Karen Austin, Consultant
At least once every August I get asked to help a manager to manage someone who is late returning from their summer holiday abroad and recently we have had three individual issues with staff abusing flexible working practices in some way. So how can we balance being flexible and supportive of leave and work life balance while maintaining standards and expectations of high attendance, quality work and making sure we address issues quickly.
The most successful flexible working arrangements are within organisations that have:
- Clear annual leave policies that also set expectations around unauthorised leave.
- An expectation that staff are responsible for ensuring that they return on time from annual leave and a recommendation that staff never book leave to end on the day after they fly back into the country.
- Flexibility in allowing staff to overbook leave in case they get delayed but then cancel it if they don’t.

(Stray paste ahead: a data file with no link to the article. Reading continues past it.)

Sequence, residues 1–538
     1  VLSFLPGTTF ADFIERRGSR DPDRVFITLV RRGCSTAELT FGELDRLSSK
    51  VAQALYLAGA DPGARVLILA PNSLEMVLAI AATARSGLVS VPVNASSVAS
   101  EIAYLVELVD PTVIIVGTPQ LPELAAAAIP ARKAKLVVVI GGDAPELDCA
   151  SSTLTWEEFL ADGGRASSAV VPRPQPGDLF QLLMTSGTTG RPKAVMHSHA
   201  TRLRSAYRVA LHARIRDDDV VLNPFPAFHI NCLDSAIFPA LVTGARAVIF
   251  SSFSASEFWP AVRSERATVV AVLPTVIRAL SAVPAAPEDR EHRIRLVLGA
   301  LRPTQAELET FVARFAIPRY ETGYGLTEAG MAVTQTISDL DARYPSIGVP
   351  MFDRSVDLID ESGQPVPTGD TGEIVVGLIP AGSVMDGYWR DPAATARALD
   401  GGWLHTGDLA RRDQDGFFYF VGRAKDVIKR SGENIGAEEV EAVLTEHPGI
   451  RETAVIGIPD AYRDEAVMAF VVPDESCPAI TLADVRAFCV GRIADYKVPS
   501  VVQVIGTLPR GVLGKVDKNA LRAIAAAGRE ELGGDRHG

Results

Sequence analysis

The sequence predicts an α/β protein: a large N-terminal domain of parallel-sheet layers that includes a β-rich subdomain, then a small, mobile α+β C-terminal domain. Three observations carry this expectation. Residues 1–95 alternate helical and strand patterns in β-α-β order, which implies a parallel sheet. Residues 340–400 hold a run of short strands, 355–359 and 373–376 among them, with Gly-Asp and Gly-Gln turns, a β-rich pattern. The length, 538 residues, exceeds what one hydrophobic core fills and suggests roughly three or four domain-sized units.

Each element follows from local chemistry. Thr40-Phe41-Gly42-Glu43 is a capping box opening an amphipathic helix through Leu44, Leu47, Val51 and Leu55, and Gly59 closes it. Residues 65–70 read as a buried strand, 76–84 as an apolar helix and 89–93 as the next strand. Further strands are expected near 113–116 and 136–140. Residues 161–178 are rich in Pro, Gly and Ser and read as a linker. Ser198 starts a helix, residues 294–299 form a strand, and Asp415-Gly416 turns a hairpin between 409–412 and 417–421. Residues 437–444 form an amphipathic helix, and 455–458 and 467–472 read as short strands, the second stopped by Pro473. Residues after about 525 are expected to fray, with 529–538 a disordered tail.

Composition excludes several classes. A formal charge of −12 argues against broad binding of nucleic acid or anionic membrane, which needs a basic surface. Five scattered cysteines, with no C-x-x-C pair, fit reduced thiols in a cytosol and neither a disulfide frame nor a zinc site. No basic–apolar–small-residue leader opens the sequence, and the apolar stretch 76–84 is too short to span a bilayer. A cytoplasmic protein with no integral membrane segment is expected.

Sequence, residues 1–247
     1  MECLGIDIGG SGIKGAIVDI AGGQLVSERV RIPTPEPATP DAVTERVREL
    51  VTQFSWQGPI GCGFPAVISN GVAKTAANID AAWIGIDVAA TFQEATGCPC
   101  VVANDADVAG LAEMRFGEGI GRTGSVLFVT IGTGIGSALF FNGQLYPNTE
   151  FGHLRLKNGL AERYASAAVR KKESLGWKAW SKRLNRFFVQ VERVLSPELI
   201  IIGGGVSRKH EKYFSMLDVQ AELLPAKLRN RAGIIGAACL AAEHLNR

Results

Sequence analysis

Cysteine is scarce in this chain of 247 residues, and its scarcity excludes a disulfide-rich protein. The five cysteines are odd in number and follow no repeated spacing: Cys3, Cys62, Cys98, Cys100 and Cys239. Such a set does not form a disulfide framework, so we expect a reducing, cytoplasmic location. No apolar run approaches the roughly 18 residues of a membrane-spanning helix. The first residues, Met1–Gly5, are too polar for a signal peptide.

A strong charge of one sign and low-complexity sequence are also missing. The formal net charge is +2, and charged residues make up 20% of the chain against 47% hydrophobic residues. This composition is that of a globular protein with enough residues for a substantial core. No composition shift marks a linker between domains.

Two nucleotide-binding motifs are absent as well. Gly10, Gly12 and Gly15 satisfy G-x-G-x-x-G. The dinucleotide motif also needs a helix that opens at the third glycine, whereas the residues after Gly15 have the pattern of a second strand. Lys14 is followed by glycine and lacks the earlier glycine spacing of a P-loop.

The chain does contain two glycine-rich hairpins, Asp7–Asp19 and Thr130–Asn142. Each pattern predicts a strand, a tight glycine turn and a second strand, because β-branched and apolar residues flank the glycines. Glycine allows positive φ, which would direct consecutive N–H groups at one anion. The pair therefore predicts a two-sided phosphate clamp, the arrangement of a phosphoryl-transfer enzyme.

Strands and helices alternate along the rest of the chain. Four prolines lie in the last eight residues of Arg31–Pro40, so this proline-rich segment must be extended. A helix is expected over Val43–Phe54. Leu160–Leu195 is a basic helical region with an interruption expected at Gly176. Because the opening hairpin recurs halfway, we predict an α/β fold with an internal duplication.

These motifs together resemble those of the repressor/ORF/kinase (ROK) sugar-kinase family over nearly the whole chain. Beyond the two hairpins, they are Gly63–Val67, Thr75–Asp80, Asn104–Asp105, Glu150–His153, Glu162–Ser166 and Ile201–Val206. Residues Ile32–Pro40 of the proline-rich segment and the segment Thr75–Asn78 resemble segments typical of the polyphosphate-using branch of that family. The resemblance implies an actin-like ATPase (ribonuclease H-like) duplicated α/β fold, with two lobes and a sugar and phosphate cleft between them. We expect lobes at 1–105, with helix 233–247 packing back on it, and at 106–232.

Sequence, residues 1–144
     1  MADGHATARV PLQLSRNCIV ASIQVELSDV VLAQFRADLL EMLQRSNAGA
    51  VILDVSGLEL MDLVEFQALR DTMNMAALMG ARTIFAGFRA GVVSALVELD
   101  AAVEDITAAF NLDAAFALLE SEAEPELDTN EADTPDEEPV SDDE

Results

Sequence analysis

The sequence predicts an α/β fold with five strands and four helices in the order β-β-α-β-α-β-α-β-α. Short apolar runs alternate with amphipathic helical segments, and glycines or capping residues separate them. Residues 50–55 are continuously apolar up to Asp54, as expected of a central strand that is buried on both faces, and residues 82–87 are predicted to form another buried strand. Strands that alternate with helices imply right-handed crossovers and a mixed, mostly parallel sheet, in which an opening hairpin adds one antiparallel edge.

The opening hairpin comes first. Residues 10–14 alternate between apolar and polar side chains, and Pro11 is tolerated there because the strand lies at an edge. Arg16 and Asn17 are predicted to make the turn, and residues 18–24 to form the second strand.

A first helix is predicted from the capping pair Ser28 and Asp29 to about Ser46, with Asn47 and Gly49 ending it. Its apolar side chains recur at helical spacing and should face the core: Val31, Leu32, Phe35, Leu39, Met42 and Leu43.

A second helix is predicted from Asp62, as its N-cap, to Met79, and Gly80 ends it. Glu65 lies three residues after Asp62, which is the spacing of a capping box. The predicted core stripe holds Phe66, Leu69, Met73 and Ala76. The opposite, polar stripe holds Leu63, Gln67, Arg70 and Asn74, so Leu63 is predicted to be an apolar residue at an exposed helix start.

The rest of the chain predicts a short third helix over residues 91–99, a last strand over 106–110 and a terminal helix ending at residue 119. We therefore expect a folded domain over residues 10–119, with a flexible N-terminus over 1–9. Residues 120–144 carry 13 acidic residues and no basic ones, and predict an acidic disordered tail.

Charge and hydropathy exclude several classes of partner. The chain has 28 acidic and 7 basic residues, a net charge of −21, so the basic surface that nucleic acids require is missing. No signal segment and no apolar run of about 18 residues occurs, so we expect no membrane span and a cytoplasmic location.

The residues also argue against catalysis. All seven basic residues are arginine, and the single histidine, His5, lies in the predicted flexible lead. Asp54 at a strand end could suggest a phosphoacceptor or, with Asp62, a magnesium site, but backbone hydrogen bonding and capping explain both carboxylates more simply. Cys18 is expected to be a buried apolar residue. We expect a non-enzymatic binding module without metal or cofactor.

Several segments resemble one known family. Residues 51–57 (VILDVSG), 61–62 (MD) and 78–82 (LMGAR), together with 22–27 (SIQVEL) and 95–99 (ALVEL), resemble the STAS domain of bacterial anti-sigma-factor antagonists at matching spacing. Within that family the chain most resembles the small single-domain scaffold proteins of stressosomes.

- An attendance policy rather than a sickness policy. Either one document that covers all types of leave or a series of policies that read across to allow non-attendance issues to be
In relation to managing remote workers and those on flexible working patterns, in most cases we would advise that only those with good performance and attendance histories should be considered for flexible arrangements. However, being open minded does work, recently I advised a manager who thought that perhaps a more flexible approach to work might help one of their staff boost their attendance. It worked and now this member of staff, supported through regular supervision and workload review and clear communication has increased their productivity and is noticeably more engaged.
Ultimately as with everything, policies to manage flexible working and leave need to be consistently applied to ensure that committed and engaged staff remain just that, and any issues with other staff can be swiftly and routinely dealt with.
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